NEW YORK (Reuters) – Business software firm Freshworks said it had priced its U.S. initial public offering well above the target range to raise $1.03 billion, valuing the Salesforce.com rival at $10.13 billion as hybrid work fuels demand for its products.
Freshworks priced 28.5 million shares at $36 per share, the company backed by Accel and Sequoia Capital said on Tuesday. It had earlier expected to raise $969 million at the top end of its increased price range of $32 to $34 per share.
San Mateo, California-based Freshworks joins a number of big names from the enterprise software business that have taken advantage of red-hot U.S. capital markets over the past 18 months.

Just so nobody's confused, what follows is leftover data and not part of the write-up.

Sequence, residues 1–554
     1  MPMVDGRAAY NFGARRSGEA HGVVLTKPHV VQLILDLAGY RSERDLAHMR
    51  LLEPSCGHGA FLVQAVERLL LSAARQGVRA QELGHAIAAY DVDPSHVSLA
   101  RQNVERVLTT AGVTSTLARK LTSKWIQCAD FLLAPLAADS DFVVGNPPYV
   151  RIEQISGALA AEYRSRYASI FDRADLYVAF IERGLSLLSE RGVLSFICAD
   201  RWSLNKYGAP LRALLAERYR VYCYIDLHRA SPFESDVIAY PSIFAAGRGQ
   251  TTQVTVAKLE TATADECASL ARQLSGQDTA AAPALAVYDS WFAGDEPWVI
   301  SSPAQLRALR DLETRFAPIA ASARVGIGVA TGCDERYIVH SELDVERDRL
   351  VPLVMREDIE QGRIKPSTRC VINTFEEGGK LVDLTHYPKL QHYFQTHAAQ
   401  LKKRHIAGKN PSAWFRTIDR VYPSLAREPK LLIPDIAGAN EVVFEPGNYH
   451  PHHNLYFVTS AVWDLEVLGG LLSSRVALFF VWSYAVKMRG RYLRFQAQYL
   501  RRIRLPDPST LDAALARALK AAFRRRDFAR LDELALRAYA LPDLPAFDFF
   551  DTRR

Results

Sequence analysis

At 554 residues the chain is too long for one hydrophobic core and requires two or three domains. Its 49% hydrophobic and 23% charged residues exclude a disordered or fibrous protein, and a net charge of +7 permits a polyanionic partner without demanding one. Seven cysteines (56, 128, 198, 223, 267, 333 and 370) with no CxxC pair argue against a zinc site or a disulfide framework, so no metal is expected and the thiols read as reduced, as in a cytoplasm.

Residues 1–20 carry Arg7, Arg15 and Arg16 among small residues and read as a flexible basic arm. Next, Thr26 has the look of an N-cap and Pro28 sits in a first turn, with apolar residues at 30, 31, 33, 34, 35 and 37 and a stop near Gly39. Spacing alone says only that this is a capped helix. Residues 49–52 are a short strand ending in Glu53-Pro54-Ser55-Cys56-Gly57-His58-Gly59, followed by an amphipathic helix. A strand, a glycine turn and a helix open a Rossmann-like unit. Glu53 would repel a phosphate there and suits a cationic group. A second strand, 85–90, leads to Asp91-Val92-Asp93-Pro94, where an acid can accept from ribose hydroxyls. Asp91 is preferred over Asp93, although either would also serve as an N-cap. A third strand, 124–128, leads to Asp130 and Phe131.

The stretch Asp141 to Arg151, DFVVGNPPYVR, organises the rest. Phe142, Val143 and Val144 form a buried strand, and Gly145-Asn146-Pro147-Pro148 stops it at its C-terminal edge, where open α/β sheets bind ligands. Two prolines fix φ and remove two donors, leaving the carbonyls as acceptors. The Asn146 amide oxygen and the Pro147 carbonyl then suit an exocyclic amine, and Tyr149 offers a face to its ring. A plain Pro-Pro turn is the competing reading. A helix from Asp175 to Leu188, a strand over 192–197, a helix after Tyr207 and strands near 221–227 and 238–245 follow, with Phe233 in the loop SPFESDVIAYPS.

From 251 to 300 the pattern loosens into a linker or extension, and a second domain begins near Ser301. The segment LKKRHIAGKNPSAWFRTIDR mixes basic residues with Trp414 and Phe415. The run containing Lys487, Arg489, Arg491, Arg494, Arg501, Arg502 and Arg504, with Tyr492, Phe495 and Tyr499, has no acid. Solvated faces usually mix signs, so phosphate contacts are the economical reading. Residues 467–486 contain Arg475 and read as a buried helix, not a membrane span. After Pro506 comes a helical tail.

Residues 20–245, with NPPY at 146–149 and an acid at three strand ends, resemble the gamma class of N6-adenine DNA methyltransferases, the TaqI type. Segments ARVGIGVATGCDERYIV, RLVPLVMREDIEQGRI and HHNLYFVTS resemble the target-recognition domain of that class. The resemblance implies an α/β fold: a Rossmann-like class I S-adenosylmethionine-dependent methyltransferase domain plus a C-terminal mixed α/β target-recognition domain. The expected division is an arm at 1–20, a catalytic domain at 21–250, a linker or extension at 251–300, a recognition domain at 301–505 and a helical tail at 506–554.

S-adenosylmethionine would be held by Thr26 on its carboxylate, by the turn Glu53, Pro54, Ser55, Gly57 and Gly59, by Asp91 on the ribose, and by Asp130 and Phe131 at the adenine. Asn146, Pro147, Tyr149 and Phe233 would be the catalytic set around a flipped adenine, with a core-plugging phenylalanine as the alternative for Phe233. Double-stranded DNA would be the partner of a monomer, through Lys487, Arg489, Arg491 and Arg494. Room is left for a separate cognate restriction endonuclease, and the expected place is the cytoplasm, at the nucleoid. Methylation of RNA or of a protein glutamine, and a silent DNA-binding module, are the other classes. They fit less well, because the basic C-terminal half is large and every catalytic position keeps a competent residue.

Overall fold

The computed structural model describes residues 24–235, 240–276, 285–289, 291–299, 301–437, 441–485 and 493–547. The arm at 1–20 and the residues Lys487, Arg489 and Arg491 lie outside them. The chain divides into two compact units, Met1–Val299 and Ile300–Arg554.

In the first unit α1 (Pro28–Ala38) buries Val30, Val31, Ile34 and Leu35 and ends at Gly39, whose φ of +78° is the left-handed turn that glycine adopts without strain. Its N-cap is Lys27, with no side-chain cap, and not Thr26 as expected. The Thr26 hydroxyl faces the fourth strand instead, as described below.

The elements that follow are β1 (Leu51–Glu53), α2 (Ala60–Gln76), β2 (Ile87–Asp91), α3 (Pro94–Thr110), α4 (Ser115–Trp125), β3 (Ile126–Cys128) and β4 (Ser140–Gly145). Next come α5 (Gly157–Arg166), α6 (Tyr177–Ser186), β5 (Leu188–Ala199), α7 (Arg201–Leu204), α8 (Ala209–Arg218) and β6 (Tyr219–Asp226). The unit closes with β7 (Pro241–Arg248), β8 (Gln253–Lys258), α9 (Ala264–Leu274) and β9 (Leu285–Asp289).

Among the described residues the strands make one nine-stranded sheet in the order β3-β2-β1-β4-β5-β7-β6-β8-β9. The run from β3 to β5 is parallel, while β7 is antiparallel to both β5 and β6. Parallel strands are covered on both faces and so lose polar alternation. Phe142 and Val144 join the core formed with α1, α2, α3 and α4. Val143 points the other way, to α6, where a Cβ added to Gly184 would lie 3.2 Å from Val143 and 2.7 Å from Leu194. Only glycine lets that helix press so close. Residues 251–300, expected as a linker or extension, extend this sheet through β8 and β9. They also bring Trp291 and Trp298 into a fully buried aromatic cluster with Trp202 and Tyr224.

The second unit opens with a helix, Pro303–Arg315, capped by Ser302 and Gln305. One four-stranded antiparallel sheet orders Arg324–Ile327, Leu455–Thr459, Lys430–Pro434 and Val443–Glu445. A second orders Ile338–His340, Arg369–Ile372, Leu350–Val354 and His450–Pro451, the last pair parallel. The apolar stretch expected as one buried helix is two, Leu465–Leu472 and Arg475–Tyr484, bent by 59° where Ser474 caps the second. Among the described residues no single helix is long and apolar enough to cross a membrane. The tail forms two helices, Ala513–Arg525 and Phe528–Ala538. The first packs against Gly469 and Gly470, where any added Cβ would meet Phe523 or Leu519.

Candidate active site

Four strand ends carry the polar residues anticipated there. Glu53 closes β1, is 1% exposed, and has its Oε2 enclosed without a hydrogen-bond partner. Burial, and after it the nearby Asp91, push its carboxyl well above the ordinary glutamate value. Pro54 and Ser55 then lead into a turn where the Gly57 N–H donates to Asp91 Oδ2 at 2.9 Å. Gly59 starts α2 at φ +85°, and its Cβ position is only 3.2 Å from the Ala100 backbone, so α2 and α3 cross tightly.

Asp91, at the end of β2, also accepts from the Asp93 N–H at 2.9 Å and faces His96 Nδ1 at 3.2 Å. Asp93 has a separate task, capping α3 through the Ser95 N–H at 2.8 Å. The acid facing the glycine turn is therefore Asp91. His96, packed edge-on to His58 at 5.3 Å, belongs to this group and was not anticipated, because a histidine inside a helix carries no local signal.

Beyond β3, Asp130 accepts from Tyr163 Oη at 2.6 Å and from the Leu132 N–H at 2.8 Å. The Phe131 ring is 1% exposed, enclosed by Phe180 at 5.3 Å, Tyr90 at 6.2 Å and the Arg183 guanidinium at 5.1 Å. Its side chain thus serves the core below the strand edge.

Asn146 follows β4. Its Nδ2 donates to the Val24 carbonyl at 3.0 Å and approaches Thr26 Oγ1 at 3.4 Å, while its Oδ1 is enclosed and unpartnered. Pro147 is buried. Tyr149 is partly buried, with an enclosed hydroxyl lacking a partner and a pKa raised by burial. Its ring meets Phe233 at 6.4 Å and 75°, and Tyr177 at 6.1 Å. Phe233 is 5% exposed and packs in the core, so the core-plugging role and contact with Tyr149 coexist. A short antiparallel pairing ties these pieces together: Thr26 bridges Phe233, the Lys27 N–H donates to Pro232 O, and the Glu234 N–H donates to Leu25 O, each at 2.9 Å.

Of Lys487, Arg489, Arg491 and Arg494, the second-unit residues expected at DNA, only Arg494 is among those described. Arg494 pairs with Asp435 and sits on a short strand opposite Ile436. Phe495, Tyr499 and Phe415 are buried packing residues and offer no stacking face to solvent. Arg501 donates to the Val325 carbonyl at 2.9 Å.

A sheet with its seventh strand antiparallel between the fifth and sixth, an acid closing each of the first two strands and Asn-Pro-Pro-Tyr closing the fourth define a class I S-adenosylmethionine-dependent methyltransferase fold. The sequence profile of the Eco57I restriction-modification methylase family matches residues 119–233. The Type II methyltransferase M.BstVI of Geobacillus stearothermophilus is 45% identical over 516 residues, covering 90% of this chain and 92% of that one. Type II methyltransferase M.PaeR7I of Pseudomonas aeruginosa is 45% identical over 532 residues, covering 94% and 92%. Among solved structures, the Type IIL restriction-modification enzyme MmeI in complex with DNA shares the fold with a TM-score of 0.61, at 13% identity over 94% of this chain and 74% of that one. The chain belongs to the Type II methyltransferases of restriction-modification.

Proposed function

Most software IPOs during that period have been well-received by investors who see room for growth in the sector even after the pandemic, as the adoption of hybrid work models by companies across the world drive up demand for enterprise software products.
Founded in Chennai, India, in 2010, Freshworks helps businesses with customer management, offering products including a messaging platform, an artificial intelligence-powered chatbot for customer support and call-center solutions that promise shorter wait times.
Freshworks shares are scheduled to start trading on the Nasdaq on Wednesday under the symbol “FRSH”.
Morgan Stanley, J.P. Morgan, BofA Securities are the lead underwriters for the offering.
(Reporting by Echo Wang in New York and Vishal Vivek in Bengaluru, additional reporting by Aakriti Bhalla in Bengaluru; Editing by Devika Syamnath)